En EspaŅol
Share

Ask Mr. Smarty Plants

Mr. Smarty Plants - Looking for seed for Clematis drummondii in Granbury, TX.

Ask Mr. Smarty Plants is a free service provided by the staff and volunteers at the Lady Bird Johnson Wildflower Center.

Search Smarty Plants
    
 
See a list of all Smarty Plants questions
Can't find the answer in our existing FAQs, submit a question to Mr. Smarty Plants.

Need help with plant identification, visit the plant identification page.
 
rate this answer
Not Yet Rated

Monday - November 29, 2010

From: Granbury, TX
Region: Southwest
Topic: Seed and Plant Sources, Vines
Title: Looking for seed for Clematis drummondii in Granbury, TX.
Answered by: Jimmy Mills

QUESTION:

I am trying to landscape with native Texas plants. I want a Clematis drummondii and have no idea where to get one. I read it grows readily from seeds, but I cannot locate any. Can you help. Also, growing from seed, one would not know if the plants were male or female (which produce the plumes), right? How old would the plants have to be to tell if they were male or female? I'm willing to grow from seed if I can just find some.

ANSWER:

Clematis drummondii (Drummond's clematis) is a hardy, perennial vine that is showy when it flowers, and perhaps even more spectacular in the Fall when the plumes on the fruits appear. It is a dioecious plant, having staminate (male) and pistillate (female) flowers on separate plants. The pistillate flowers, of course, are the ones that produce the plumes, and there is no way to tell the plants apart until they flower.

Generally, Mr. Smarty Plants would refer you to our Suppliers Directory to find a source of seeds or plants, but his perusal of the directory wasn't very productive. Stuart's Nursery in Weatherford, TX mentions Clematis in its plant descriptions, but it isn't on their plant list.

Easywildflowers.com  has seeds for Clematis virginia Clematis virginiana (Devil's darning needles). This USDA distribution map shows it occurring in Mc Clennan County and further east of Hood County.

Another possibility is for you to collect wild seed, but your window of opportunity for this year is closing. This USDA publication has information about collecting and germinating seed from various species of Clematis. This USDA distribution map shows that C. drummondii occurs in Ellis County and in counties further west and south of Hood County.

You could also contact members of the North Central Texas Chapter and the Cross Timbers Chapter of the Native Plant Society of Texas to help you in this quest.

 

From the Image Gallery


Drummond's clematis
Clematis drummondii

Drummond's clematis
Clematis drummondii

Devil's darning needles
Clematis virginiana

Devil's darning needles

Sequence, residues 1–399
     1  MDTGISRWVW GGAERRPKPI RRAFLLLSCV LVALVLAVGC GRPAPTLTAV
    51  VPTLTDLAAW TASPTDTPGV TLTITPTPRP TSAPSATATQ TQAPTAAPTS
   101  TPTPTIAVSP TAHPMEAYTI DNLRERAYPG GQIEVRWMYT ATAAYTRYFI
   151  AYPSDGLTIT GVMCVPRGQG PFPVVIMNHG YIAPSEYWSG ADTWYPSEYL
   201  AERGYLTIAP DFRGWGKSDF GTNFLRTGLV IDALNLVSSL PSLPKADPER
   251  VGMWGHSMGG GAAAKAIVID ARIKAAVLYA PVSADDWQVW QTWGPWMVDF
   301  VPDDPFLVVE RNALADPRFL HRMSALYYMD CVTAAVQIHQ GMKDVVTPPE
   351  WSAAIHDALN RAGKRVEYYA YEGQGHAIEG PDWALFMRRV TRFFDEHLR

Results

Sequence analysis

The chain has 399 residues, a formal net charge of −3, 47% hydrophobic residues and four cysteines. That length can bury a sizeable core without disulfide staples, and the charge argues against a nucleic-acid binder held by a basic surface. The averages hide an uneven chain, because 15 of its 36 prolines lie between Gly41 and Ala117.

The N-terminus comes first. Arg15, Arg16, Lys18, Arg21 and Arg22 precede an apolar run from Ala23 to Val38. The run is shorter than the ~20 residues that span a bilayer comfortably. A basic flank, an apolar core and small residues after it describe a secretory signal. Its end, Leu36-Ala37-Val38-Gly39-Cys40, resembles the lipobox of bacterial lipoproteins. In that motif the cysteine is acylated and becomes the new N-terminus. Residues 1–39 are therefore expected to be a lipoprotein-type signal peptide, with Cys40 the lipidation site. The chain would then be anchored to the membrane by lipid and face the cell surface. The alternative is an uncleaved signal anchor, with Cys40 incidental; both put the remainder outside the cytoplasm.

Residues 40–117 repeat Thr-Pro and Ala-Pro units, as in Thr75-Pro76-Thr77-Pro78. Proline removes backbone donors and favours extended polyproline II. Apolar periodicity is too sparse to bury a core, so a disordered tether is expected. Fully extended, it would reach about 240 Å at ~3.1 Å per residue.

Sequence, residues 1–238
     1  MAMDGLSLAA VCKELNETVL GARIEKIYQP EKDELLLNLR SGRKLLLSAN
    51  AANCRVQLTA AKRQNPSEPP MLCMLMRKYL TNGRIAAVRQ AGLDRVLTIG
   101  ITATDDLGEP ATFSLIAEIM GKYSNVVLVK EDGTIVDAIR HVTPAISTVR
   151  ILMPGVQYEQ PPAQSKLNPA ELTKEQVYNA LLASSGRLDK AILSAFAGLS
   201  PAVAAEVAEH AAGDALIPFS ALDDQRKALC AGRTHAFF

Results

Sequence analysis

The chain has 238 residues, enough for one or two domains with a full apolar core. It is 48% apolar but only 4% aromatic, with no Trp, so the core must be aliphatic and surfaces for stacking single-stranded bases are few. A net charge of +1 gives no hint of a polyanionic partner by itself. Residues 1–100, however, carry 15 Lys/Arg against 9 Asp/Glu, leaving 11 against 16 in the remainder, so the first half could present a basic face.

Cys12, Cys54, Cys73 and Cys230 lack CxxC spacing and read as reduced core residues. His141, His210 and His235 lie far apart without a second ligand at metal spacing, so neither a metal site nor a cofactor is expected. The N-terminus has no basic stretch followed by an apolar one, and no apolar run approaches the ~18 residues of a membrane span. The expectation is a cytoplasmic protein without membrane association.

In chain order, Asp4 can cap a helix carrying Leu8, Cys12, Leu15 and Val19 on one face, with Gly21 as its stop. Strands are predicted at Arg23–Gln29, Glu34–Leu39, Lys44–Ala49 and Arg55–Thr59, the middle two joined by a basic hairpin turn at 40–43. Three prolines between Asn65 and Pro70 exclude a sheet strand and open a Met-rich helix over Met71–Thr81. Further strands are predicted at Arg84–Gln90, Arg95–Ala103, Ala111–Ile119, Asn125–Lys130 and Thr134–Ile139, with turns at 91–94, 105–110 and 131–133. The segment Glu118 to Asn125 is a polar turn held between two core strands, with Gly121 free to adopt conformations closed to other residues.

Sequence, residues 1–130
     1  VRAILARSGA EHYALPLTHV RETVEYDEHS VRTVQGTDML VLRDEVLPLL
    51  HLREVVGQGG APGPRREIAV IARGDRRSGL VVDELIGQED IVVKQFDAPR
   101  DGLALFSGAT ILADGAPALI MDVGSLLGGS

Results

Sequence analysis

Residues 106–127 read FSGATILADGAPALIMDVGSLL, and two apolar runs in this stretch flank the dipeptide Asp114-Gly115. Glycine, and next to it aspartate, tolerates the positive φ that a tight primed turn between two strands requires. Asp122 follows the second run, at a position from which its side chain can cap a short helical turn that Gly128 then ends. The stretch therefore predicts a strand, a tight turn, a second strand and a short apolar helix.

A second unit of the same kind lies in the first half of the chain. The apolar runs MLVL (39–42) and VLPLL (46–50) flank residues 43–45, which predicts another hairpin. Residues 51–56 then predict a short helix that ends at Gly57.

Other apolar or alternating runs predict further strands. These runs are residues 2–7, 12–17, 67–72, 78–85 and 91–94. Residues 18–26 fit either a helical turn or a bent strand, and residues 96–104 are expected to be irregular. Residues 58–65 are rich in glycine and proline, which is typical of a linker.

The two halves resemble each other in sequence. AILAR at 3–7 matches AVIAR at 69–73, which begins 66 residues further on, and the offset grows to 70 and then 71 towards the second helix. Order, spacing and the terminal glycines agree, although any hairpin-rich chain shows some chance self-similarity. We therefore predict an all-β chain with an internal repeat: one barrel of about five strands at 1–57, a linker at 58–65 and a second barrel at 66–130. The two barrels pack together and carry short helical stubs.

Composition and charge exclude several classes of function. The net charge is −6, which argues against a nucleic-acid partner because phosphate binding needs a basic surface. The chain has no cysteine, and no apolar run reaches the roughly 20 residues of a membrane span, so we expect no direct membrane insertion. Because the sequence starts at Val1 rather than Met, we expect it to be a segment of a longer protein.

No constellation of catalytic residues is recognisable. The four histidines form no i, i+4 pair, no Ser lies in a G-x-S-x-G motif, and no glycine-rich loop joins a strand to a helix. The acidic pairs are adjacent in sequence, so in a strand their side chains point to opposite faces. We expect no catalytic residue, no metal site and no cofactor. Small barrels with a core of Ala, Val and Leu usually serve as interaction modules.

Clematis virginiana

More Vines Questions

Evergreen vine for San Diego, California
July 11, 2010 - I am looking for an evergreen (San Diego) vine to grow on a newly constructed trellis. Its 12' tall by 8' wide and is on the North side of the house. That area seems to only get sun June and July ...
view the full question and answer

Plant with dark black/purple berries in a cluster
November 06, 2012 - Today at our local dog park we noticed a bush/vine that's been growing up the fence is producing berries. It didn't flower at all. The berries look to have started out green and now are changing t...
view the full question and answer

Flowers for monarch butterflies in Bastrop, Gonzales and Travis Counties of Texas
March 05, 2013 - Hi Mr./s. Smarty Plants, What are some flowers that grow naturally on a Bastrop, Travis, or Gonzales county riverside that monarch butterflies commonly feed on? Thank you
view the full question and answer

Vine for shady planter from Cedar Park TX
April 19, 2014 - We bought a home in Central Texas and inherited several raised-bed planters. One of the planters is set up to grow a vine, but it's in a part of the yard that is mostly in the shade of a tree. Is t...
view the full question and answer

Native plants for roadside in Gallatin TN
February 19, 2012 - What native plant would you suggest that we try to establish on 100 feet of road frontage which gets full afternoon sun? The soil is mostly clay, and it's on a rather sleep hill about 10 feet high. ...
view the full question and answer

Smarty Plants's Facebook profile Support the Wildflower Center by Donating Online or Becoming a Member today.

Mr. Smarty Plants wants you to be his Facebook friend. Click the Facebook icon to add yourself to Mr. Smarty Plants list of friends.
E-NEWSLETTER | BECOME A MEMBER | DONATE NOW | MEDIA | SITEMAP
© 2014 Lady Bird Johnson Wildflower Center